Many economists and environmental campaigners think carbon taxes are the best way to fight climate change. By putting a price on carbon, you're dealing directly with the problem of climate change, and you're making what you're doing transparent so everyone understands. The trouble is, people tend to disagree about whether these taxes should be "revenue neutral"—i.e., that other taxes should be reduced when the carbon tax is enacted—or whether the money generated should go towards other climate-fighting measures, like investing in renewables.
This argument is currently playing out in Washington State, where two groups are battling over what type of climate measure the state should adopt this year.
In early January, a campaign group called Carbon Washington submitted 362,000 signatures in support of a "revenue-neutral" carbon levy. Modeled after British Columbia's successful eight-year-old tax, the measure would place a $25 charge on a ton of fossil fuel-related carbon emitted in the state (or on electricity imported from outside). Revenue generated would go towards a 1% reduction in sales tax, and an earned income credit for as many as 400,000 low-income families.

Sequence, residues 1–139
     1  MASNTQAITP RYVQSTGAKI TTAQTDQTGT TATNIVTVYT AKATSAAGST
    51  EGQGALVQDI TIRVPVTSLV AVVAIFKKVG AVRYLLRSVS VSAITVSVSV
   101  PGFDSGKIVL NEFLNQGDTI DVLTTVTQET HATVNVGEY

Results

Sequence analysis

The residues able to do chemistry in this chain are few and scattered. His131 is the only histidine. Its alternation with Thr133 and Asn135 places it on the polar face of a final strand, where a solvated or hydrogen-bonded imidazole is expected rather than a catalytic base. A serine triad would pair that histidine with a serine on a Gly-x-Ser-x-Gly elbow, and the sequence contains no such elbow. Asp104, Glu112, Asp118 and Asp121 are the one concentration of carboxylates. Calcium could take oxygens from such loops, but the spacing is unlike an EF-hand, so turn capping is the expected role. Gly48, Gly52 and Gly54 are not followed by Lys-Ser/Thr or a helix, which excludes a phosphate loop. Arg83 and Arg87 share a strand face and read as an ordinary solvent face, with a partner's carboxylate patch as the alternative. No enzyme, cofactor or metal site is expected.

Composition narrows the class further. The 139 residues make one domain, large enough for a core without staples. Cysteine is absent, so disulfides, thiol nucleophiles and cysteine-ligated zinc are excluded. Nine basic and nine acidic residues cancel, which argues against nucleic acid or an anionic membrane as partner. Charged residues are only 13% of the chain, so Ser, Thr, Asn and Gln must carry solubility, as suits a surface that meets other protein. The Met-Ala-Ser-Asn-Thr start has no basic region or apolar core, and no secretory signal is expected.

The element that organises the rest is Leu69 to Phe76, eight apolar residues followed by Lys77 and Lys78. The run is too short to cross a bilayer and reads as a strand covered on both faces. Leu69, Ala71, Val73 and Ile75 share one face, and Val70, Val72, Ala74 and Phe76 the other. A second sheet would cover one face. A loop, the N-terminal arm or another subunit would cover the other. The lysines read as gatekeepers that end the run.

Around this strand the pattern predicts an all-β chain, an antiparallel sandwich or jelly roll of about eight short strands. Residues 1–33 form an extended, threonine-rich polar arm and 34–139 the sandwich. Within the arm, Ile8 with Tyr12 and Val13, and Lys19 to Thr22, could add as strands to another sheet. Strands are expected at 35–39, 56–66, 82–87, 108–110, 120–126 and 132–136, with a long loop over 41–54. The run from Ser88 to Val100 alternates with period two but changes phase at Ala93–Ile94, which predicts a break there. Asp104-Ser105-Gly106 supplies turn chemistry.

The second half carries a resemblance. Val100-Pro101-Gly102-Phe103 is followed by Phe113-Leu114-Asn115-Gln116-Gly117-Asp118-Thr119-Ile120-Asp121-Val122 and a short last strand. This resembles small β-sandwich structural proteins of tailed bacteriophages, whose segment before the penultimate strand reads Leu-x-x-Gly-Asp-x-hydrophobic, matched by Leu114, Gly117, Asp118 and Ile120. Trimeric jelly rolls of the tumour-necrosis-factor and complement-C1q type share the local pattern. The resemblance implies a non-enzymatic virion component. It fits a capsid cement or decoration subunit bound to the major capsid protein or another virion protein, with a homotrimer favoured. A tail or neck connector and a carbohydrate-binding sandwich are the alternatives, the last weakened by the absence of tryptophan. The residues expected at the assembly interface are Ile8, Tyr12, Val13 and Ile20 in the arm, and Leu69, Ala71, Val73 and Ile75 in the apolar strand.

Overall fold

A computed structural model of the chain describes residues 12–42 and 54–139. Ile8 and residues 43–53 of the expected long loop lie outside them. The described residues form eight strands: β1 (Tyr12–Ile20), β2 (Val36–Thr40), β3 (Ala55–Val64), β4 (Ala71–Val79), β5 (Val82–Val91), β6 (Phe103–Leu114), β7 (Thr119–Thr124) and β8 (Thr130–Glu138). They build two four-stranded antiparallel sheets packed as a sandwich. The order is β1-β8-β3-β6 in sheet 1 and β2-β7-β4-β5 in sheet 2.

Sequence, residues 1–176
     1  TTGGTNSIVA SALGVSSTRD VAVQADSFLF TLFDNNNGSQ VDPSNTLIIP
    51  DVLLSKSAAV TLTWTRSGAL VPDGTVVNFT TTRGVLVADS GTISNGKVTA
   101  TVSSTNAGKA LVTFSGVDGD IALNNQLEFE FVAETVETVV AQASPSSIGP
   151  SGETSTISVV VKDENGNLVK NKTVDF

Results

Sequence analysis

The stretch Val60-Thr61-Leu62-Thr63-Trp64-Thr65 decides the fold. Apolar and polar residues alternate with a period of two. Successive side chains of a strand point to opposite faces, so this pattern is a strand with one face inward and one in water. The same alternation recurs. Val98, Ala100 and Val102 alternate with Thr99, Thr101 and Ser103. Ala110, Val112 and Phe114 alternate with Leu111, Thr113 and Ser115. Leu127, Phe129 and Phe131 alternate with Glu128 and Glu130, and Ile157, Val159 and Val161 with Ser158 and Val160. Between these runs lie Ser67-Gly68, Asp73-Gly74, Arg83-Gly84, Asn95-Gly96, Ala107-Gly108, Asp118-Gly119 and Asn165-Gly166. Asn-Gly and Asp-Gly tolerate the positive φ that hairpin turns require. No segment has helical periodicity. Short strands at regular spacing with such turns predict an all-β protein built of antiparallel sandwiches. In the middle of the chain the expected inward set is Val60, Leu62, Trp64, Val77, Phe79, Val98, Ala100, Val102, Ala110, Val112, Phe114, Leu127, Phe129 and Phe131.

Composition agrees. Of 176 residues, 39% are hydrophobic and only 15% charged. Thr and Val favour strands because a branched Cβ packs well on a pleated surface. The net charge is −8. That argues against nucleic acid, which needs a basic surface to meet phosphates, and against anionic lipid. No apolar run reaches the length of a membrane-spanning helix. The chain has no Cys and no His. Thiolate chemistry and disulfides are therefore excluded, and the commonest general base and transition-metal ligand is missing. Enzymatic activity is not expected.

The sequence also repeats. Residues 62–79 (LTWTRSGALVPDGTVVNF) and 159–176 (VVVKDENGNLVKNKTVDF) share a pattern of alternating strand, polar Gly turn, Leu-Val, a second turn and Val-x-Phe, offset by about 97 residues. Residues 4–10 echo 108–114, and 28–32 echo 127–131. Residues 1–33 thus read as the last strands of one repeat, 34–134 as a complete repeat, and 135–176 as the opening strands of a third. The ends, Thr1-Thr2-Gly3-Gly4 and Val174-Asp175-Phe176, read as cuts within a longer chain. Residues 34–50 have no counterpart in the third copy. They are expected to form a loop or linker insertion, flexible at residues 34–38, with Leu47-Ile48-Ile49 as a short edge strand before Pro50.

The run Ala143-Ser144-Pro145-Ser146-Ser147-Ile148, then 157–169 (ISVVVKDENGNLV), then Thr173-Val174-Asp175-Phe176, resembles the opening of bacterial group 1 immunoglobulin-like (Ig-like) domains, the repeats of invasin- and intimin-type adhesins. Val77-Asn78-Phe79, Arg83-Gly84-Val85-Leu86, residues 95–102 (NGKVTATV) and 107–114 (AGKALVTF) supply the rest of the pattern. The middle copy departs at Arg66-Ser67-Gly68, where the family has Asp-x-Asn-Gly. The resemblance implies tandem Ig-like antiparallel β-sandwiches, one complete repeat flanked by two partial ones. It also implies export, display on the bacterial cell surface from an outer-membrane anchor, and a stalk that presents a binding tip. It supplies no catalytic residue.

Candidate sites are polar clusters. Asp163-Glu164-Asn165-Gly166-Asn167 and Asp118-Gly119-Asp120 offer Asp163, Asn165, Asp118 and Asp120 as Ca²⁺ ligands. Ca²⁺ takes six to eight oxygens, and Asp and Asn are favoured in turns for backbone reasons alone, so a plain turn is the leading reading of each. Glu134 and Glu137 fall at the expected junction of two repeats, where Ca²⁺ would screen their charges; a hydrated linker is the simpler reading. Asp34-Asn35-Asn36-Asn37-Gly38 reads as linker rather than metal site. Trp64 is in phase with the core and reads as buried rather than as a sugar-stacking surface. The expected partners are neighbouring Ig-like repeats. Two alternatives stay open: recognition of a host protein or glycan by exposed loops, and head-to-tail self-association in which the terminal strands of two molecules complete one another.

In effect, the tax would mean a 25 cent increase on the price of gasoline, or a 2.5 cent increase on a kilowatt hour of coal-fired electricity, according to Carbon WA. But those increases would be offset by reductions in other taxes and there would be help for people who can least afford tax increases.
To Yoram Bauman, an economist-turned-stand-up comic who leads Carbon WA, revenue-neutrality is a way to build a broad coalition. You win people who care about climate change as well as more conservative types who don't want to raise taxes overall. But another group called the Alliance for Jobs and Clean Energy argues that revenues should go towards clean energy investments, schools, and other priorities. It also says Bauman's idea isn't "viable" according to polling.
Washington lawmakers will now consider the carbon tax plan. They could pass it as is, amend it, or reject it. If they reject it, which is likely, it will become a ballot measure this November. The Alliance, which is made up of unions, climate justice groups, and some businesses, is set to decide on its specific tax proposal in the next few weeks, according to a spokesperson. A policy document calls for "significant investments in clean energy" and for at least 25% of revenue generated to go to disadvantaged communities "disproportionately impacted by global warming."
In December, the two sides almost reached a compromise and agreed to work together. But Bauman says he wasn't prepared to back down on the principle of revenue neutrality. "I don't think we should use climate change to grow the size of government," he says. He calls the Alliance's proposal, though not fully formed, a means to "unite the left" as much as a climate measure in its own right.
From the outside, it seems a shame people who care about climate change can't come together on how to solve it. A compromise proposal of some sort would be better than a losing proposal of no sort.